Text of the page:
Church calls on govt help

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CATHOLIC bishops have urged the government to help fight climate change.
Speaking at a dinner in Port Moresby on Friday, Cardinal Pietro Parolin said: “Pope John Paul the second, during his visit (to PNG) in 1995, identified a son of this land Peter Torot, catechist. We hope that Peter Torot can be canonised one day and be the first saint of this land.
“I bring the eternal affection and love from Pope Francis to the people of this nation, particularly to convey to the prime minister and the people of Papua New Guinea the heartfelt condolences of Pope Francis for the loss of lives during the recent earthquakes in the Highlands region of your country.
“At this time, I’d like to wish every success to the upcoming Asia-Pacific Economic Cooperation (Apec) summit which will be held in Port Moresby in November of this year.
“ The church, planted long before independence, wishes to collaborate with the newly independent state by responding to essential needs such as healthcare and education.”
Prime Minister Peter O’Neill said: “Right around the country the churches make an outstanding contribution to our people, particularly health and education.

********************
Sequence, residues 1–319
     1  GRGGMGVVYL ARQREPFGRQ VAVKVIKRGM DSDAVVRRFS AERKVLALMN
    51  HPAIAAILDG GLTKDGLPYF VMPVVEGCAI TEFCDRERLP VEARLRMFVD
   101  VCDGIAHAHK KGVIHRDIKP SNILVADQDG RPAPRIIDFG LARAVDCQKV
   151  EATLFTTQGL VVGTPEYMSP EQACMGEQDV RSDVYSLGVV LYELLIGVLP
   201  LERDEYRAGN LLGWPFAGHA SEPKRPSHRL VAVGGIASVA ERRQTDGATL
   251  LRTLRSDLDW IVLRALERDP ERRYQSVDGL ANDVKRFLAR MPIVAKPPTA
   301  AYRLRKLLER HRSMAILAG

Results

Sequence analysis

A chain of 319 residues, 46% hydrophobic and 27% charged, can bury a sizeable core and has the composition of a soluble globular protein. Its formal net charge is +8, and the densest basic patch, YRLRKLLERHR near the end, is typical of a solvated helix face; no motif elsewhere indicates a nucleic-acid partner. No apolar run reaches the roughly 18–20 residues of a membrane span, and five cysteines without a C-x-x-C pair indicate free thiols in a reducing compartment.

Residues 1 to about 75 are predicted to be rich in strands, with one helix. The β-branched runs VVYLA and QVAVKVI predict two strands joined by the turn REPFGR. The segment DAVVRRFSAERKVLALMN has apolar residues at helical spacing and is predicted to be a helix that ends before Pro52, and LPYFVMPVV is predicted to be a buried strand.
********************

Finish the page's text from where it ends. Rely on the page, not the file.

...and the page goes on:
“Together we are educating our children in many church schools in the country and many of our friends in PNG know.
“In this term of government, we are focused more on delivering quality education to our children. The teachers and, of course, the government have worked again very closely to deliver healthcare throughout the country. We must expend the universal health programme and it can only be done through a partnership with the churches.
“Right now hospitals and health posts throughout the country, church health workers are saving lives of people and the government, thank you for that commitment. Many of our countries in the Pacific are one or two metres above sea level, the entire nation are at risk. Our young people in Kadovar Island, East Sepik, where forced to move to other areas or locations so that they can continue to survive.
“Again in August 2015, Papua New Guinea experienced one of the most extreme droughts on record. Our people lost lives, could not grow crops and their waterways dried up.
“So together we have an obligation for our people to take action, we must combine our efforts both large and small countries to eliminate greenhouse gases so that we can continue to change the way our people live and improve their living standards.”
O’Neill said refugees had taken advantage of people-smugglers and PNG was aware of the problem and had done what it could to prevent it.

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